[Edit] As @Mitch pointed out, this is specific to the CLR ThreadPool. If you're creating threads directly see the @Mitch and others comments.

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2  
I think you are referring to the threadpool. –  Mitch Wheat Sep 28 '08 at 6:18
    
You are confusing CLR 2.0 and .NET 2.0 in your comment about .NET 3.5. –  bzlm Oct 1 '08 at 12:01
    
As far as I know the SP1 for .NET 2.0 (part of .NET 3.5) changed the worker threads default to 250 per CPU/core for thread pools. –  Michael Damatov Oct 2 '08 at 19:46

Mitch is right. It depends on resources (memory).

Although Raymond's article is dedicated to Windows threads, not to C# threads, the logic applies the same (C# threads are mapped to Windows threads).

However, as we are in C#, if we want to be completely precise, we need to distinguish between "started" and "non started" threads. Only started threads actually reserve stack space (as we could expect). Non started threads only allocate the information required by a thread object (you can use reflector if interested in the actual members).

You can actually test it for yourself, compare:

    static void DummyCall()
    {
        Thread.Sleep(1000000000);
    }

    static void Main(string[] args)
    {
        int count = 0;
        var threadList = new List<Thread>();
        try
        {
            while (true)
            {
                Thread newThread = new Thread(new ThreadStart(DummyCall), 1024);
                newThread.Start();
                threadList.Add(newThread);
                count++;
            }
        }
        catch (Exception ex)
        {
        }
    }

with:

   static void DummyCall()
    {
        Thread.Sleep(1000000000);
    }

    static void Main(string[] args)
    {
        int count = 0;
        var threadList = new List<Thread>();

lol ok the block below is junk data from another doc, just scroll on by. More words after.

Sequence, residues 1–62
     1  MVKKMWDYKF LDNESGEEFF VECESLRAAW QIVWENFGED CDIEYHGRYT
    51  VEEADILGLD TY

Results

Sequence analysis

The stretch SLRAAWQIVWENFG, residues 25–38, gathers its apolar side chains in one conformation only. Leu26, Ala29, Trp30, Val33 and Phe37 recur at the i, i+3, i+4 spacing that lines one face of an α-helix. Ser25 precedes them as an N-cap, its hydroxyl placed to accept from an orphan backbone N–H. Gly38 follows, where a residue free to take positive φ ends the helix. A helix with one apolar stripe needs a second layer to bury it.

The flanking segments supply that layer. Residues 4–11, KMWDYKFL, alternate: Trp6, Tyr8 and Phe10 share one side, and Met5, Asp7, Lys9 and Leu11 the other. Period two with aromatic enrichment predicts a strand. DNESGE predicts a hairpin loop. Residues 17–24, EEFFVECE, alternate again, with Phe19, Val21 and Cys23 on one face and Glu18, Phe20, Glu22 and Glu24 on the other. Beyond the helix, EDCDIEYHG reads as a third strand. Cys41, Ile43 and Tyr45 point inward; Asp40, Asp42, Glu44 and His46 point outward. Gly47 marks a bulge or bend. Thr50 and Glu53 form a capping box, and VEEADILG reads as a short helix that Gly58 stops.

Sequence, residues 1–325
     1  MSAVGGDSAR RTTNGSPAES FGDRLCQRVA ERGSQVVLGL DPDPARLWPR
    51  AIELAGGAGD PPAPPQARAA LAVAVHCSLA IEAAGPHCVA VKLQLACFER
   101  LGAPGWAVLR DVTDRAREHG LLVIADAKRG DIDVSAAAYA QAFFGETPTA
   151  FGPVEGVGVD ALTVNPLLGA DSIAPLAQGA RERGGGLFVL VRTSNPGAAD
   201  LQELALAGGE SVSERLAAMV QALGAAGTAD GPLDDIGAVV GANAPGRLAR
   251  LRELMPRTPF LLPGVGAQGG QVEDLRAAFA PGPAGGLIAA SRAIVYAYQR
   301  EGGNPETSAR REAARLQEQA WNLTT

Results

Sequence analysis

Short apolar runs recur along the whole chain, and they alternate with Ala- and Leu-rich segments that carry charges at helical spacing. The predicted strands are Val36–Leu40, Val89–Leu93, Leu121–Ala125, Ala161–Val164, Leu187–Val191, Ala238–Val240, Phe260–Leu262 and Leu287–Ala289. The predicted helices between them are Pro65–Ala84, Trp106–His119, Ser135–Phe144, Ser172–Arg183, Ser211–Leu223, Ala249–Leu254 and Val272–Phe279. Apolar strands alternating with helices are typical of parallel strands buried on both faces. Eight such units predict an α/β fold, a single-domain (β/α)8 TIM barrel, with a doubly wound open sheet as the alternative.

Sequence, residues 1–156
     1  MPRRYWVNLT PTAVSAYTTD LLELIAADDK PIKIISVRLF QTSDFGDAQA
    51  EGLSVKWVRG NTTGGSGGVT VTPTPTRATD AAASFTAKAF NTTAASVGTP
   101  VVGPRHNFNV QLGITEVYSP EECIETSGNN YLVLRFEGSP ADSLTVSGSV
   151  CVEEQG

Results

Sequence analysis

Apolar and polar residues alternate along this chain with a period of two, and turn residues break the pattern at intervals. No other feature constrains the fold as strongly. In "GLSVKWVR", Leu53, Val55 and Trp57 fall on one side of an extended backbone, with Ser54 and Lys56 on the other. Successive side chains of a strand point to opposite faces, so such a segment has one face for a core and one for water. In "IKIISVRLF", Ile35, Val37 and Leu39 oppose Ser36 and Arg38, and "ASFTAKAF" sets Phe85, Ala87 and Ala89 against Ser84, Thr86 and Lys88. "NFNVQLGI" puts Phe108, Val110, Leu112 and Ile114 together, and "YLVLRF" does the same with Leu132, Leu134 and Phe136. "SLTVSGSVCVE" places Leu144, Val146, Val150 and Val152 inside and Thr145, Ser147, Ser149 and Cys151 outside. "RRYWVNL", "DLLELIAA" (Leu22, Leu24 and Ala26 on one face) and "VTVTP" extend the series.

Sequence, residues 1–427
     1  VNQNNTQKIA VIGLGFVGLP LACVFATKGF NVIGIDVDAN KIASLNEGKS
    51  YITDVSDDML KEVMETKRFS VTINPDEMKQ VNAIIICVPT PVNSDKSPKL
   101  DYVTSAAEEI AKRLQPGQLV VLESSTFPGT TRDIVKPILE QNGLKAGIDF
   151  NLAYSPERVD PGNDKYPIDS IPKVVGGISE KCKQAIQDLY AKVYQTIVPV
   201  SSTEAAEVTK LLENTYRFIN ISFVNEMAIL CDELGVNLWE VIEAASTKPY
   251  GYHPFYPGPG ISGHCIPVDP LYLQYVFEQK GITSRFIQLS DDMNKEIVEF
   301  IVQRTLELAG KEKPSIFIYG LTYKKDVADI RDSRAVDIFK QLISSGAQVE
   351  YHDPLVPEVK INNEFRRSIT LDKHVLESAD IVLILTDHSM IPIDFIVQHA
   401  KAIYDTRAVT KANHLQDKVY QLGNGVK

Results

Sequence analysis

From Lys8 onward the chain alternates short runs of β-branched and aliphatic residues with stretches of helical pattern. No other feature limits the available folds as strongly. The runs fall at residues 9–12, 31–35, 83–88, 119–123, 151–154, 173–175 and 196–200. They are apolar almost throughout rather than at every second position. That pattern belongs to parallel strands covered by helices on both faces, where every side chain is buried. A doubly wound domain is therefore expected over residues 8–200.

try
        {
            while (true)
            {
                Thread newThread = new Thread(new ThreadStart(DummyCall), 1024);
                threadList.Add(newThread);
                count++;
            }
        }
        catch (Exception ex)
        {
        }
    }

Put a breakpoint in the exception (out of memory, of course) in VS to see the value of counter. There is a very significant difference, of course.

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You should be using the thread pool (or async delgates, which in turn use the thread pool) so that the system can decide how many threads should run.

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-1: Thread pool is mentioned in several of the comments. –  John Saunders Jul 4 '09 at 23:09
    
The answer is to let the system decide. –  Ian Boyd Jul 7 '09 at 21:32
    
@Ian: I downvoted you because the same answere was given nine months before. –  John Saunders Sep 9 '09 at 6:13
2  
Link. i don't see any mention of thread pool as anyone's answer. –  Ian Boyd Sep 9 '09 at 20:14

i did a test on a 64bit system with c# console, the exception is type of out of memory, using 2949 threads.

I realize we should be using threading pool, which I do, but this answer is in response to the main question ;)